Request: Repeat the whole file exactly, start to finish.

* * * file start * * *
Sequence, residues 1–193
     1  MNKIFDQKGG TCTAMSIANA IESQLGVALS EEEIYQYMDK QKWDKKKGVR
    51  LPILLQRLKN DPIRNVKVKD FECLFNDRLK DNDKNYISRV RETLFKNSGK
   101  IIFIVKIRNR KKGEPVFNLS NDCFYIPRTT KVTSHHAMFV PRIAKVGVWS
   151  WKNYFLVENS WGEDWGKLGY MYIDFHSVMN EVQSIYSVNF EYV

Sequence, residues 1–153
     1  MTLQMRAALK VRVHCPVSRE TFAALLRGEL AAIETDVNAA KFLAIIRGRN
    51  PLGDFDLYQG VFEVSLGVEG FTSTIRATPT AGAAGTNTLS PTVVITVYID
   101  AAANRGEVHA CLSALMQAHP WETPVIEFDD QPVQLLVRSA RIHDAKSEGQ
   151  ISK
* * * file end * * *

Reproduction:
Sequence, residues 1–193
     1  MNKIFDQKGG TCTAMSIANA IESQLGVALS EEEIYQYMDK QKWDKKKGVR
    51  LPILLQRLKN DPIRNVKVKD FECLFNDRLK DNDKNYISRV RETLFKNSGK
   101  IIFIVKIRNR KKGEPVFNLS NDCFYIPRTT KVTSHHAMFV PRIAKVGVWS
   151  WKNYFLVENS WGEDWGKLGY MYIDFHSVMN EVQSIYSVNF EYV

Sequence, residues 1–153
     1  MTLQMRAALK VRVHCPVSRE TFAALLRGEL AAIETDVNAA KFLAIIRGRN
    51  PLGDFDLYQG VFEVSLGVEG FTSTIRATPT AGAAGTNTLS PTVVITVYID
   101  AAANRGEVHA CLSALMQAHP WETPVIEFDD QPVQLLVRSA RIHDAKSEGQ
   151  ISK